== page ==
Phone checklist can help detect changes in clinical status among home care recipients

A simple phone checklist can help detect tell-tale changes in the health status of people receiving nonmedical home care, according to the findings of a pilot study led by investigators at Harvard Medical School.

Results of the research are based on a program that requires home-care aides to record changes in status during a telephone clockout at the end of each shift.

The research was conducted in collaboration with Right at Home, a senior home care provider, and ClearCare, a company that provides a software platform for homecare agencies.

Analysis of the data captured over a six-month period across 22 Right at Home agencies reveals that changes in clinical status are relatively common — occurring in 2 percent of all caregiver shifts and affecting, on average, 2 percent of recipients. The majority of changes were in behaviour (17 percent) and skin condition (16 percent), followed by changes in eating or drinking behaviour (14 percent) and ability to stand or walk (9 percent).

The results, researchers said, underscore the potential of real-time monitoring systems to spot problems and avert complications before they escalate enough to require hospitalization. Indeed, over the course of the six-month trial, 14 percent of the home-care recipients were hospitalized.

Recipients of non-medical home care often have chronic health conditions that lead to hospitalizations, some of which may be preventable.

The research team cautioned that whether the real-time monitoring system could, in fact, prevent hospitalizations and reduce cost of care remains unknown. That, they said, is the subject of an ongoing randomized trial across 400 home-care locations in the United States. However, the research team said, the fact that a basic phone questionnaire could capture important indicators in clinical status points to the value of harnessing simple technologies to monitor those receiving care at home.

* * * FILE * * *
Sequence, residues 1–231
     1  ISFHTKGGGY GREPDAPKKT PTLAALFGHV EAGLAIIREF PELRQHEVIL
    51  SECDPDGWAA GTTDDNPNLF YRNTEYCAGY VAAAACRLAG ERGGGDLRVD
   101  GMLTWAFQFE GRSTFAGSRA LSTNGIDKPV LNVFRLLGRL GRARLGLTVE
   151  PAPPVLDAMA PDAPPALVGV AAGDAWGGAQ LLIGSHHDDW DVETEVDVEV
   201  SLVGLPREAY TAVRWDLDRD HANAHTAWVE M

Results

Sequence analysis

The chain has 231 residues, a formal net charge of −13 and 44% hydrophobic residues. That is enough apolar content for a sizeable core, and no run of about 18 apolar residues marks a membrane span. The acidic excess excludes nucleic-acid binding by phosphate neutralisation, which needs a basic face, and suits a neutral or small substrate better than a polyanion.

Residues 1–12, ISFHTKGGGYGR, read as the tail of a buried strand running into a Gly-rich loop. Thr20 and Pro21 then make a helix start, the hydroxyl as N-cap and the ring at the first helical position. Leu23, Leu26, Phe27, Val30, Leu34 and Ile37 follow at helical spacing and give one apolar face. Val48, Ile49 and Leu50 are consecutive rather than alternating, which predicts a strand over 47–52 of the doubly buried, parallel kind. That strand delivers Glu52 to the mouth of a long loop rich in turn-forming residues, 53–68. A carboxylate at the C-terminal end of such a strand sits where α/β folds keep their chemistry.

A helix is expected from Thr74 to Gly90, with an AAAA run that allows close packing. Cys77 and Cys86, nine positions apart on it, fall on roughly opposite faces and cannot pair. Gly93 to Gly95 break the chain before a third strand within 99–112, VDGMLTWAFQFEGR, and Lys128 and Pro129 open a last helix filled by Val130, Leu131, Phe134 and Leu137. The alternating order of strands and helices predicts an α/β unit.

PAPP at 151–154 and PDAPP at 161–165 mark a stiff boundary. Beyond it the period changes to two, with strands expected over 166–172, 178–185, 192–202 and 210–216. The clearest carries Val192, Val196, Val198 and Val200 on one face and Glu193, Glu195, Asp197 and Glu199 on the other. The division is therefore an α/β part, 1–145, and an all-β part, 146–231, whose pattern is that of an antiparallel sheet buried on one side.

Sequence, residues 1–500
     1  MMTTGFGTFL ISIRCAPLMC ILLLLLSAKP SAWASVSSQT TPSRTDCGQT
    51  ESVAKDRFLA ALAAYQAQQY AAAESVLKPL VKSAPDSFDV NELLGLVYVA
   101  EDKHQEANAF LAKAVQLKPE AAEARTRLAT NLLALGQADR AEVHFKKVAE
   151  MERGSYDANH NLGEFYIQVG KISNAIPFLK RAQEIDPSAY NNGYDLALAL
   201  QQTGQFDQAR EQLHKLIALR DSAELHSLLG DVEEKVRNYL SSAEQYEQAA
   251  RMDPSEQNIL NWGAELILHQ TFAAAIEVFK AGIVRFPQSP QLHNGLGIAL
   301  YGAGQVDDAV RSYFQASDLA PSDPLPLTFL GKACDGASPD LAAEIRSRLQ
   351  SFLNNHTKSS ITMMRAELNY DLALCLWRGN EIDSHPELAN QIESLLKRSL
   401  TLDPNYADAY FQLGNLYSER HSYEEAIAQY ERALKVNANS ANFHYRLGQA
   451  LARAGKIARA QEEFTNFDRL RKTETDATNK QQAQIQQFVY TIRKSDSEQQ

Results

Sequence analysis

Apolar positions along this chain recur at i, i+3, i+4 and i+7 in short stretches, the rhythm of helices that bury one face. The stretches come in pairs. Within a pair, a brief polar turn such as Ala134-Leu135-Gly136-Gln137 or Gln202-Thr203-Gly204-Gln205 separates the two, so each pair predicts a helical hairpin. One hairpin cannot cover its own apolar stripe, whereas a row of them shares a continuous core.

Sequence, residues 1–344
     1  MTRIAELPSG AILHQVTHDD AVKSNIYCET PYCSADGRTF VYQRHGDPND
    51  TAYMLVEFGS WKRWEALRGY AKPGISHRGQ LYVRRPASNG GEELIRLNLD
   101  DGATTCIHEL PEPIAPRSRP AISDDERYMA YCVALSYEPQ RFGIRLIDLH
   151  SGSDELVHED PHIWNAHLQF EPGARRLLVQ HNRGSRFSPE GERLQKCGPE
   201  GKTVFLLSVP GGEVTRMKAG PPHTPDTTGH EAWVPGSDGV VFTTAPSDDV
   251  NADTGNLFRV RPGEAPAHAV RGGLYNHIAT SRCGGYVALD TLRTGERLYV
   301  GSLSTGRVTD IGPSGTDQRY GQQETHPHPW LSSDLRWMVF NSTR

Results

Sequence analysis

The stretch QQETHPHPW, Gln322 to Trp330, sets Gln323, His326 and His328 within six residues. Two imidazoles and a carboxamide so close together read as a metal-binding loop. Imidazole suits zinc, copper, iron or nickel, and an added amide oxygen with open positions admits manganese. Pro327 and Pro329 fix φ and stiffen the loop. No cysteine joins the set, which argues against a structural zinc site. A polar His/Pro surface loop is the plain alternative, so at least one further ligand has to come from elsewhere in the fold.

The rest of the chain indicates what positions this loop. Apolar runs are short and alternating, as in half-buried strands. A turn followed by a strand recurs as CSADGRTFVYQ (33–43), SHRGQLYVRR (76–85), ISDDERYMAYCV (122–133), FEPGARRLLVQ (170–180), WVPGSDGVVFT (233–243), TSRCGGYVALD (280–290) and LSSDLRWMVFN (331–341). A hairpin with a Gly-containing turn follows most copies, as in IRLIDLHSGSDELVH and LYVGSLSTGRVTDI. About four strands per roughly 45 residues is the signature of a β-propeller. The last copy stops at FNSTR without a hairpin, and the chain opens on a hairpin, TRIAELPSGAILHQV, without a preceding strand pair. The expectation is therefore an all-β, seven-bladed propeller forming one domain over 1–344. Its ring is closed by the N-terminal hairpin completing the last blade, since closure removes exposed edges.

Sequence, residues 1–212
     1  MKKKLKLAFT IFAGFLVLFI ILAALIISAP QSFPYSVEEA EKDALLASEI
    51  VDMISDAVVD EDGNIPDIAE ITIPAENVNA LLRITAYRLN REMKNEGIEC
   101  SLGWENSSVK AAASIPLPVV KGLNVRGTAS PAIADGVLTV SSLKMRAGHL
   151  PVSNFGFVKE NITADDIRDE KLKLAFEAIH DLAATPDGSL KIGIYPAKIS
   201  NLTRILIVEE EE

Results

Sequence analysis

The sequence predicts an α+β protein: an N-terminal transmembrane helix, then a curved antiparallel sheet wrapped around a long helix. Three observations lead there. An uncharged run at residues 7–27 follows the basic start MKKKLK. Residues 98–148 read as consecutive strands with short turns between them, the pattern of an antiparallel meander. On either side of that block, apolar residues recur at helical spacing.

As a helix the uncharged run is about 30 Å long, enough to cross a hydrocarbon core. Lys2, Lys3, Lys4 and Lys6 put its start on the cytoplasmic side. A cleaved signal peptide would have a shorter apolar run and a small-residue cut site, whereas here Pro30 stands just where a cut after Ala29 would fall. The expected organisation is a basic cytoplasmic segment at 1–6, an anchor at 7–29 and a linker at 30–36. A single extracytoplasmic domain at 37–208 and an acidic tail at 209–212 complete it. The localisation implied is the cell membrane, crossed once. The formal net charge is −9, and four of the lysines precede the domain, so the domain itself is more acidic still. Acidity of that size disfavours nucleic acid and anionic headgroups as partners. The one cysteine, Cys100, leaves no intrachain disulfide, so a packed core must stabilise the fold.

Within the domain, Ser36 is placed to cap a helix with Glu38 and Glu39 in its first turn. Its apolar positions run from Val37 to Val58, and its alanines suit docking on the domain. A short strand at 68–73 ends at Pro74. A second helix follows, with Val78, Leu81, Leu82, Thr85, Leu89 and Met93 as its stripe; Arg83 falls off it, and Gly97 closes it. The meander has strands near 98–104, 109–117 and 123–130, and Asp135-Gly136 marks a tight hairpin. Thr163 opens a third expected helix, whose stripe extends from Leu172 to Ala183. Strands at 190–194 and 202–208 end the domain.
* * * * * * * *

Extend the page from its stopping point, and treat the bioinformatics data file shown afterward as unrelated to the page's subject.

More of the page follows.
‘Millions of elderly Americans receive supportive home-care services each year, and many of them require frequent hospitalizations, so we set out to determine whether a simple real-time checklist could help improve outcomes and lower health care spending,’ said study leaderDavid Grabowski, Ph.D., professor of health care policy at Harvard Medical School. ‘Our results are a first step to answering that question.’

Under the pilot program, home caregivers were required to do a phone clock out at the end of their shifts. Caregivers receive an automated phone message prompting them to report any changes in health status. The message included a list of questions pertaining to changes in mental, neurologic, gastrointestinal, urinary and other indicators. Any changes reported via the automated system were immediately dispatched to a manager at the home-care agency office for further assessment and triage. The care manager determined whether the condition required closer monitoring, a change in care, a call into the doctor’s office or all of the above. The idea, researchers said, is to prevent complications before they become grave enough to require hospitalization.

Patients who may benefit the most include those with chronic conditions such as diabetes, neurologic disorders or cardiovascular disease, in whom even seemingly innocuous changes could spell bigger trouble. That theme, researchers said, emerged clearly in a series of interviews with home-care workers. For example, one manager relayed the story of a person with diabetes whose caregiver reported a foot ulcer through the phone-based checklist. Normally, that injury would not have been reported until the end of the week, but because of the prompt alert, the care manager reached out to the patient’s nurse, who initiated treatment immediately. One week later, the wound had healed. Sores, wounds and injuries are particularly dangerous in people with diabetes and can lead to rapid decay of tissue and, in some cases, limb amputations.